The National Advisory Committee on Immunization recommended April 23 that people at low risk from COVID-19 wait to get vaccinated until they can access Pfizer or Moderna rather than get AstraZeneca immediately. They said the same thing about J&J on May 3.

Confidence in those vaccines is down following those remarks.

More than eight in 10 people surveyed said they trust Pfizer-BioNTech and Moderna, which aren’t linked to the clots at all. Comparatively fewer than half those surveyed expressed trust in AstraZeneca or J&J.

A month ago almost seven in 10 Canadians had confidence in J&J and a little more than half in AstraZeneca.

The vast majority of Canadians won’t have to worry about it, however, as about 85 per cent of vaccine doses given out as of May 1 were Pfizer or Moderna, and more than 88 per cent of doses expected in the next two months are the same. All Canadians over the age of 12 should have access to their first dose before the end of June.

The poll also suggests almost three-quarters of Canadians want a vaccine passport to be given out for free once they’ve been inoculated.

But support for such passports varies depending on how they are to be used.

About eight in 10 support them being required for domestic or international travel, compared to about six in 10 who think it’s OK for the government or business owners to require vaccine passports for everything from going out for dinner, to taking in a concert or a hockey game, or getting your hair done.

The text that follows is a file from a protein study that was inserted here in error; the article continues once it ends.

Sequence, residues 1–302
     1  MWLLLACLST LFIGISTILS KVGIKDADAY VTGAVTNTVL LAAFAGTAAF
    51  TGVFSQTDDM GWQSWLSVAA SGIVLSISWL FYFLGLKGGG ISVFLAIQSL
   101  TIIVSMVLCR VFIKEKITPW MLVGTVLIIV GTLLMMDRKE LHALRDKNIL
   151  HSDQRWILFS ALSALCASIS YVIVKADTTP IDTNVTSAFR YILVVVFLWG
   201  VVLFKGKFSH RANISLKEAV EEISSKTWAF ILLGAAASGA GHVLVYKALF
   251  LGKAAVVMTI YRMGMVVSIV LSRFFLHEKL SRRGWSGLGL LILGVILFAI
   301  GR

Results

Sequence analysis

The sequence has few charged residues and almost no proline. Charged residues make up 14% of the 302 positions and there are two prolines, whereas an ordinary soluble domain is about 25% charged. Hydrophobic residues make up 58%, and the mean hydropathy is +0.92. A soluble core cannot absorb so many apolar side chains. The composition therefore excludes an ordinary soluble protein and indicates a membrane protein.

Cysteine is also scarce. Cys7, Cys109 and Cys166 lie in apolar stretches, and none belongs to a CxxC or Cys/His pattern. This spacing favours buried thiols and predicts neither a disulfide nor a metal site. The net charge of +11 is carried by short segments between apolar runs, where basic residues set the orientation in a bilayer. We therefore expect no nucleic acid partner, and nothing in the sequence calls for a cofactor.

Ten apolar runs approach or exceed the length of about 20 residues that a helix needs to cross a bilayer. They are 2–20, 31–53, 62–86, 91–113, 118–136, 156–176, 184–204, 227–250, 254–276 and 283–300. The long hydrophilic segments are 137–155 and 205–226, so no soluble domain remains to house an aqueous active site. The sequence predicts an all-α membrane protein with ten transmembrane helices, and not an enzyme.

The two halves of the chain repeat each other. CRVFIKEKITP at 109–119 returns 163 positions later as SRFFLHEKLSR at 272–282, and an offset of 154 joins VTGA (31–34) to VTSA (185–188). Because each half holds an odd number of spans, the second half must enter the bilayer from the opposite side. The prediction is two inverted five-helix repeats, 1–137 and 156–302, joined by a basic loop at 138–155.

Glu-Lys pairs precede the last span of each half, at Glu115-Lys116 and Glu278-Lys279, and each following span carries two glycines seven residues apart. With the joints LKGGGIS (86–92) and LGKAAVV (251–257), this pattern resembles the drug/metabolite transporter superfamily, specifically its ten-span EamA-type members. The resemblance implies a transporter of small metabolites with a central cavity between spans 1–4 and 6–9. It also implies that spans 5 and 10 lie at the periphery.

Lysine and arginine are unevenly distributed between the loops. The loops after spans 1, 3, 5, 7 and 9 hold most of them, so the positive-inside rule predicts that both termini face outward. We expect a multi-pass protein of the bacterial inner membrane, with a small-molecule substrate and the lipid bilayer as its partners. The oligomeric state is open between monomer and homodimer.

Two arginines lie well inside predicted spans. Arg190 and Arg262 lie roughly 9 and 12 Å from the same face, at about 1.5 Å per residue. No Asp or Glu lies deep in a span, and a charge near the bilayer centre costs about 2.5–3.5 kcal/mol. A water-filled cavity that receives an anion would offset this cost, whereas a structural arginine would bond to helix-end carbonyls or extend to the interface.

Only half said they think store owners should require them for non-essential retail shopping.

Support for vaccine passports overall is lowest in Alberta, at just over 50 per cent, and among people under 55.

The Canadian government has said it will align with international allies on a system for providing proof of vaccination status but Prime Minister Justin Trudeau has been very unenthusiastic about the idea of using vaccine passports for activities within Canada.

Bourque said support is also lowest for the idea of governments not allowing people to work in health care or other government jobs unless they get vaccinated.

“You can’t deprive somebody from making their living … I think that’s where Canadians seem to be setting the limit,” he said.